DeAngelo is said to have had “a volatile relationship” with his estranged wife, Sharon Huddle. An anonymous neighbor told the Mercury News that he could hear DeAngelo and Huddle screaming at each other; DeAngelo even yelled at her from the driveway outside the home. The neighbor called their arguments “epic” and said that the family was an “unstable household.”
To be clear, there is no evidence of physical domestic violence in this portrait of DeAngelo and Huddle. Ostensibly, investigators are still constructing a profile of his life, so reports of domestic violence may come out later, but current reports do indicate that he was emotionally abusive towards his wife.
DeAngelo was also reportedly obsessed with an ex-fiancée named Bonnie. He apparently proposed to Bonnie, but for unknown reasons, they never married. One of his rape victims told police that after he attacked her 1976, he yelled “I hate you, Bonnie,” and cried into a pillow. Police were stymied about the identity of Bonnie until DeAngelo was caught and investigators pieced together his history.
It’s not just mass shooters or serial killers that have a history of domestic violence. Garden-variety domestic murderers are overwhelmingly male and their victims are overwhelming their female partners. The Atlantic, citing a 2017 report from the Centers for Disease Control, found that 55% of women murdered were killed by former and current partners or their families. Of that pool, 93% of those victims were killed by an intimate current or former romantic partner. 30% of the time, the couple had argued right before the murder. “We found that approximately one in 10 victims of intimate-partner-violence-related homicide experienced some form of violence in the preceding month,” said Emiko Petrosky, a CDC official, to NPR regarding this report.
These statistics should ring alarm bells. Scientific and anecdotal data shows a clear link between domestic violence and homicide of many types. If we want to prevent mass shootings and serial killing sprees, as well as intimate partner violence, we should look in the home first.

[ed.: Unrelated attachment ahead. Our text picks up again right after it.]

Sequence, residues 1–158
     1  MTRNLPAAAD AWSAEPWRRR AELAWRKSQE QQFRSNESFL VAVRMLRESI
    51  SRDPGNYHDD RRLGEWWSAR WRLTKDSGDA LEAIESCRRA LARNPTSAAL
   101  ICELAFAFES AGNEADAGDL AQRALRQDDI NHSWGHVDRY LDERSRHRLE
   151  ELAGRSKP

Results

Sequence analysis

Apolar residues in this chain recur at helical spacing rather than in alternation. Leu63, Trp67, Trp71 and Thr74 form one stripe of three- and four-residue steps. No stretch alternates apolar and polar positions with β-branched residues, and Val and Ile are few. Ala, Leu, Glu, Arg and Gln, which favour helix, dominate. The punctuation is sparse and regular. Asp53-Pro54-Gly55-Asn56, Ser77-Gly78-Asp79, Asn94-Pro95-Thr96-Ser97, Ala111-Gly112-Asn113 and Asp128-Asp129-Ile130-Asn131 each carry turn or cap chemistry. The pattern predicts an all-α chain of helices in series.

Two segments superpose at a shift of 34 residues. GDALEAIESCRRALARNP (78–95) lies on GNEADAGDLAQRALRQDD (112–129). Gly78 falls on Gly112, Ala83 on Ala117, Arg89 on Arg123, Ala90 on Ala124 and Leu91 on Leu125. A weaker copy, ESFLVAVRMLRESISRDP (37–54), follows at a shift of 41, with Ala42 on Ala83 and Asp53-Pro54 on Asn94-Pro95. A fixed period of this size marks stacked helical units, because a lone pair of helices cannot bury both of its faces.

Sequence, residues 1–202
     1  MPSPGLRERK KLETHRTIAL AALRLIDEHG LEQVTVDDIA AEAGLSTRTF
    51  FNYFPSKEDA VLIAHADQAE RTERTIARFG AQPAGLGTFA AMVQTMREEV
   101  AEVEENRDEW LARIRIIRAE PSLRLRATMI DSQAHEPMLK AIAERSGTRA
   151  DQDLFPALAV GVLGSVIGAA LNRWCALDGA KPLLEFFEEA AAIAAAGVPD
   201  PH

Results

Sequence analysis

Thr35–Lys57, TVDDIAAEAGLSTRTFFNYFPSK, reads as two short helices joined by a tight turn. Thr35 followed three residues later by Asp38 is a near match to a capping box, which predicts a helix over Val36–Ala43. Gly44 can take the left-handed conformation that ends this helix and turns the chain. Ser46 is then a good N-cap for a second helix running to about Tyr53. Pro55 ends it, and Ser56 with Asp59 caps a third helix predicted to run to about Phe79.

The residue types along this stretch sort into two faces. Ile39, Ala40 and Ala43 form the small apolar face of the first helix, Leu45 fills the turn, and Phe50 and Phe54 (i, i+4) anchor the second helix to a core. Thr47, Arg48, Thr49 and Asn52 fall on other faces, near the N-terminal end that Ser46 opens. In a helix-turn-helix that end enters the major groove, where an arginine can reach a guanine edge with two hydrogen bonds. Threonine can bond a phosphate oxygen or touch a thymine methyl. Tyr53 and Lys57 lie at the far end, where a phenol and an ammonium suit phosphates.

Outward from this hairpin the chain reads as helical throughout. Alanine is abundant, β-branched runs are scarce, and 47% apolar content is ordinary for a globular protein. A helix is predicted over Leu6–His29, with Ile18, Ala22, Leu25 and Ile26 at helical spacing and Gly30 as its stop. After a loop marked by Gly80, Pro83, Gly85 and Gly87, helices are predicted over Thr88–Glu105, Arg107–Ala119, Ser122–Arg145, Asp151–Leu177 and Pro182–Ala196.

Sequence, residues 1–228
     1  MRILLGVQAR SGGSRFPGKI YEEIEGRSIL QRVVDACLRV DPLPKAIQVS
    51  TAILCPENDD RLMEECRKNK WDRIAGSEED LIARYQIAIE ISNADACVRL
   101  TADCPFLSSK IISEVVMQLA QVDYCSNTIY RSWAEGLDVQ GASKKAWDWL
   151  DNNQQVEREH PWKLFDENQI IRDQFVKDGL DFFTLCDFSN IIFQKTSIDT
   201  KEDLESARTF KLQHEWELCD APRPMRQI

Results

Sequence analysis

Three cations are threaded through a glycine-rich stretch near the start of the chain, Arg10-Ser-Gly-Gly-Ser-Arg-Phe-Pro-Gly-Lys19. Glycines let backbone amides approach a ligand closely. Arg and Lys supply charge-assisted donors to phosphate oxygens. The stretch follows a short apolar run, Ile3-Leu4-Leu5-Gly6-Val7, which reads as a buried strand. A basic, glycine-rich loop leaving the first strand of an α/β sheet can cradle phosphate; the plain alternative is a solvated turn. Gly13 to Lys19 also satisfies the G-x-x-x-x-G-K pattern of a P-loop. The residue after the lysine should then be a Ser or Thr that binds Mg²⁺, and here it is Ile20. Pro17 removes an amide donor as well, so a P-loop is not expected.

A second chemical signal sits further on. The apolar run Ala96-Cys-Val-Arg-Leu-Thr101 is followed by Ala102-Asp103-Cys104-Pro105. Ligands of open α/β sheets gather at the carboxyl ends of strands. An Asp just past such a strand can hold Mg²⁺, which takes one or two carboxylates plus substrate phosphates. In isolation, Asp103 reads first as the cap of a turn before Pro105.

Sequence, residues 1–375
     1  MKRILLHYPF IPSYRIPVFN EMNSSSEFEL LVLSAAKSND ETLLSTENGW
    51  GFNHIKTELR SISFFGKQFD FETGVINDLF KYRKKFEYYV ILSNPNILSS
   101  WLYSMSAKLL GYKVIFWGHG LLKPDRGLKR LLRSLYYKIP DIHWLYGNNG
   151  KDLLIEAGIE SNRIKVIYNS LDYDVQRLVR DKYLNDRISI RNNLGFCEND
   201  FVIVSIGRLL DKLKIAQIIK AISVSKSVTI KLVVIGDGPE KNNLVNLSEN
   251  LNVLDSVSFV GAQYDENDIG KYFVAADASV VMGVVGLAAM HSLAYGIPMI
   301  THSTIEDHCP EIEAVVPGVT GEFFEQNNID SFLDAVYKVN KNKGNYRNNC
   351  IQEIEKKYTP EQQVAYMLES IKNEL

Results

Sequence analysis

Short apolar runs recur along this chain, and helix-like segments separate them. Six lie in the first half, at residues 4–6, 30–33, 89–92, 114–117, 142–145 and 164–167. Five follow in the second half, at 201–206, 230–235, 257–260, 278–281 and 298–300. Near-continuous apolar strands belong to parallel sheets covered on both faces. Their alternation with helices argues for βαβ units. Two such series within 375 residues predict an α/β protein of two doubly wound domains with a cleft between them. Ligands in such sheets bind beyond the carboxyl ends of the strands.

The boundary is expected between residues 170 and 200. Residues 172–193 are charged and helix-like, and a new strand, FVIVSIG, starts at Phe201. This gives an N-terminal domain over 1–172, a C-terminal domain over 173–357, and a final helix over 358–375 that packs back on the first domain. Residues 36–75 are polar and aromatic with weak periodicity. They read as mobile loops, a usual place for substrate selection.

We need to acknowledge that toxic masculinity, abuse, and homicide go hand in hand. When men are taught to react to situations with unbridled anger, that anger leads to violence. We know this, we see it every single day. Men who abuse women describe feeling enraged, with insecurity as a trigger. Our culture demands that men be tough, emotionally hardened, and ready to use violence to achieve a goal. That dangerous combination leads to abuse — and, in some men, homicidal behavior.
It’s upsetting to see so many reports of domestic violence in the history of killers. We can clearly see a moment where intervention could have saved lives. Had the abuser been incarcerated or monitored by police, it’s possible that they could have stopped the killer before they killed. The #MeToo movement implores us to listen to women, to believe women, and to defend women. Women like Yusufiy and Huddle endured violence that they never should have — and law enforcement did nothing to protect them. In both cases, the culturally pervasive indifference towards violence against women had deadly consequences for many other people.
If you are experiencing domestic violence, please call the National Domestic Violence Hotline at 1-800-799-7233 or TTY 1-800-787-3224 for confidential support.
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